Now, Mystery Science Theater 3000 as a phenomenon was never officially over. While the familiar had stacks of prerecorded episodes, new DVDs, and online content to dig through, the main thread of Hodgson’s concept - making fun of really bad movies - maintained its popularity. Newbies were also just discovering the show, using YouTube and other personal file sharing protocols to experience some of the best the series had to offer. Anyone with half a brain knew that there was always an outlet for MST3K and it’s style of humor, and with the supported success of Rifftrax, Mike Nelson commentaries on public domain titles like Plan 9 from Outer Space and Reefer Madness, and multidisc volumes, it was only a matte of time before the show - in some form or another - made a comeback.
But things don’t look good in film quipping land these days, especially if initial rumors and messageboard reports are to be believed. While a genial “we’re all friends” attitude seems to have greeted the recent Hodgson/Mallon announcements, little rifts in the riffing are being noted. Joel and the gang have tried to maintain a fan friendly email list approach, using direct communication, blog entries, and other personality oriented propositions to draw viewers to their product. Yet in a recent interview, he seems miffed about people sharing copyrighted material - which Cinematic Titanic and old MST definitely fall into. Mallon has also been closing down online clips and complaining about unofficial sites stealing content. Even Rifftrax has announced an official player making the use of their MP3-only product much easier - at least on home computers.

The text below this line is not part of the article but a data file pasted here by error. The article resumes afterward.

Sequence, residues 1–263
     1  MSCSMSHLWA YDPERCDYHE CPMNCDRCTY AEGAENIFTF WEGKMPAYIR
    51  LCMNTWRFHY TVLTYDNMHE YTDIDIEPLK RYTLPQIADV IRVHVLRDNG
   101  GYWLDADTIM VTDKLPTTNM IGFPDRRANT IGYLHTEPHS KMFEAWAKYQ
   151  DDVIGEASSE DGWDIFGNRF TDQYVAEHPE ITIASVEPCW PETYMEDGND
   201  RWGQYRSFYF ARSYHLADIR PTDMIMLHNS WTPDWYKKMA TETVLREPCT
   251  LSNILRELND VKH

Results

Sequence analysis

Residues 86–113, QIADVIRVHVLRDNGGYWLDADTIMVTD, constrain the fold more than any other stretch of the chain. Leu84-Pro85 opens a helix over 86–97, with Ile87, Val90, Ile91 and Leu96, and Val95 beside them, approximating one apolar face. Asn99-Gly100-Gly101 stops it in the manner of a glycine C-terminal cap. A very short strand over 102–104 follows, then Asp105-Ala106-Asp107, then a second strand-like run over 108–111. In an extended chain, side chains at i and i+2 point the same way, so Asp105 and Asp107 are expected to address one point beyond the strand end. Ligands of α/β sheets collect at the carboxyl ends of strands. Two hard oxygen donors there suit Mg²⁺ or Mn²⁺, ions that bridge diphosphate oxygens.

Sounds like a group of competing claimants circling their wagons and preparing for a long legal haul, doesn’t it? And when you consider the trifurcated nature of the approach, three separate and so-far incongruous and incompatible entities competing for the same share of a dedicated and devoted constituency, it looks more like war than mere friendly fire. It’s odd, at least from an impersonal perspective, that so much would be made out of what the performers considered a “little cow town puppet show”. Yet for those who believe Mystery Science Theater 3000 was, and continues to be, the best thing TV has or ever had to offer, such posturing seems apropos. Never appreciated in its time, this newfound mythos can and should be milked for all the monetary value it can garner. But amongst the creative and compelling cash grab, something less affable is in the works.